Unit IV: Transition Metals & Oxidation-Reduction Reactions

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In Unit IV, we continue to consider chemical reactions but now focus on reactions that involve the loss (oxidation) and gain (reduction) of electrons. Whereas metals in group I and II of the periodic table are only oxidized by one and two electrons, respectively, transition (d-block) metals are capable of achieving multiple oxidation states. Revisiting the concept of atomic orbitals, we discuss how the occupation of electrons in d-orbitals gives rise to the special properties of d-block metal-containing complexes. Viewers can observe some of these special properties for themselves as spectacular color changes afforded by solutions of nickel and cobalt salts are demonstrated. By the end of the unit, viewers should be able to calculate electrochemical cell potentials, identity which compound is the better oxidizing agent, draw energy diagrams that explain why one cobalt compound is blue and another red, and explain how a chelator works to treat acute lead poisoning.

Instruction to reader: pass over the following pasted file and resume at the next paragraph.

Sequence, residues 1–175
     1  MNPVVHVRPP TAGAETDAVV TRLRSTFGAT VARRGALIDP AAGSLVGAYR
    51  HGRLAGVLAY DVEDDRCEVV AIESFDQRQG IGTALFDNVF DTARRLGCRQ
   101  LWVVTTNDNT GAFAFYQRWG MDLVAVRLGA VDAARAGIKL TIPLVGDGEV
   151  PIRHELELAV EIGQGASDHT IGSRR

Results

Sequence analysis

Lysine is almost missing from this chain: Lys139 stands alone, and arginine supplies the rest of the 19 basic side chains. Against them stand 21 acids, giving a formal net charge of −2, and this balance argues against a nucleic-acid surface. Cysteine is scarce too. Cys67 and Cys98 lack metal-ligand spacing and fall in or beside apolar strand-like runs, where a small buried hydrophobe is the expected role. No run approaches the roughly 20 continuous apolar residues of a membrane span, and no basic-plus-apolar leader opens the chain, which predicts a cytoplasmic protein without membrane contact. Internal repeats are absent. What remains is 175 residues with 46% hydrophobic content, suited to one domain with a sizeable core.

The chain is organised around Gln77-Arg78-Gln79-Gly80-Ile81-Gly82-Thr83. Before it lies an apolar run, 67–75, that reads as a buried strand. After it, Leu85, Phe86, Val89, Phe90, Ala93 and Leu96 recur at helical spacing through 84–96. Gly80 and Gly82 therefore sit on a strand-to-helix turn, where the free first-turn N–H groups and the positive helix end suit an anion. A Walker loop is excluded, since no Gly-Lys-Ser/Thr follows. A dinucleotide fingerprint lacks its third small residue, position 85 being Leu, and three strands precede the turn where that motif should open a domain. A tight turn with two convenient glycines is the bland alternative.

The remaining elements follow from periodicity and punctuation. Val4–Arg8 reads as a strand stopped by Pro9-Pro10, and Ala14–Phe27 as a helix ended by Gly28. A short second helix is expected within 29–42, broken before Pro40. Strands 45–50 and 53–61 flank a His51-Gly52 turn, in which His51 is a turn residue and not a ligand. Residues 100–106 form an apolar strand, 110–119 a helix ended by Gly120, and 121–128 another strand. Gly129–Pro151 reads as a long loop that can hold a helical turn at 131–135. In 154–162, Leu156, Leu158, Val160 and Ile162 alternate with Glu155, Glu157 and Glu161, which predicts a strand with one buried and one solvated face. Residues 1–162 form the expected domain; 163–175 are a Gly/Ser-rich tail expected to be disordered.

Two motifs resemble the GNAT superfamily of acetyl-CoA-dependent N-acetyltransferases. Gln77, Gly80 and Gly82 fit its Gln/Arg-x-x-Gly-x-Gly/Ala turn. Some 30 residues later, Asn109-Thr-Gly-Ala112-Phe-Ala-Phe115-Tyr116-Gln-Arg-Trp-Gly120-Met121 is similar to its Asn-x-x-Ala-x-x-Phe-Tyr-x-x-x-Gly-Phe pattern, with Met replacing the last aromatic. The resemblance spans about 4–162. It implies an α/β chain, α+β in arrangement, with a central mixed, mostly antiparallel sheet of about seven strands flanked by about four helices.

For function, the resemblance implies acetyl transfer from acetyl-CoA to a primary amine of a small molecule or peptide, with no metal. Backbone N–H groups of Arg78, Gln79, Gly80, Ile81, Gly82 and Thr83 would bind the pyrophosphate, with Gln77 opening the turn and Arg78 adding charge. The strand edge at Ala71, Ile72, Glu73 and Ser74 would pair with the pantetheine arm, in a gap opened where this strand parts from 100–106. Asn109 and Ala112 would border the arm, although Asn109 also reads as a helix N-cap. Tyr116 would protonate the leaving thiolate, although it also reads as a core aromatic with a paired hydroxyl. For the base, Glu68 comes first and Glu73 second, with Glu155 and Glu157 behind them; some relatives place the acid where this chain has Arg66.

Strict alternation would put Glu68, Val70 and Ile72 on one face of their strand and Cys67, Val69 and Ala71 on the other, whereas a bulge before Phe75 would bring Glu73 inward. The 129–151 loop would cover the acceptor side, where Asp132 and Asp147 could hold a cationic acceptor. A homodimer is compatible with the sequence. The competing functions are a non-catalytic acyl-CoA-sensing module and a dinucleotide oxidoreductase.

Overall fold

Image excerpted from Lecture 25 Notes Lecture 25: Oxidation-Reduction and Electrochemical Cells

Image excerpted from Lecture 26 Notes Lecture 26: Chemical and Biological Oxidations

Image excerpted from Lecture 27 Notes Lecture 27: Introduction to Transition Metals

Image excerpted from Lecture 28 Notes Lecture 28: Transition Metals: Crystal Field Theory Part I

Image excerpted from Lecture 29 Notes Lecture 29: Transition Metals: Crystal Field Theory Part II

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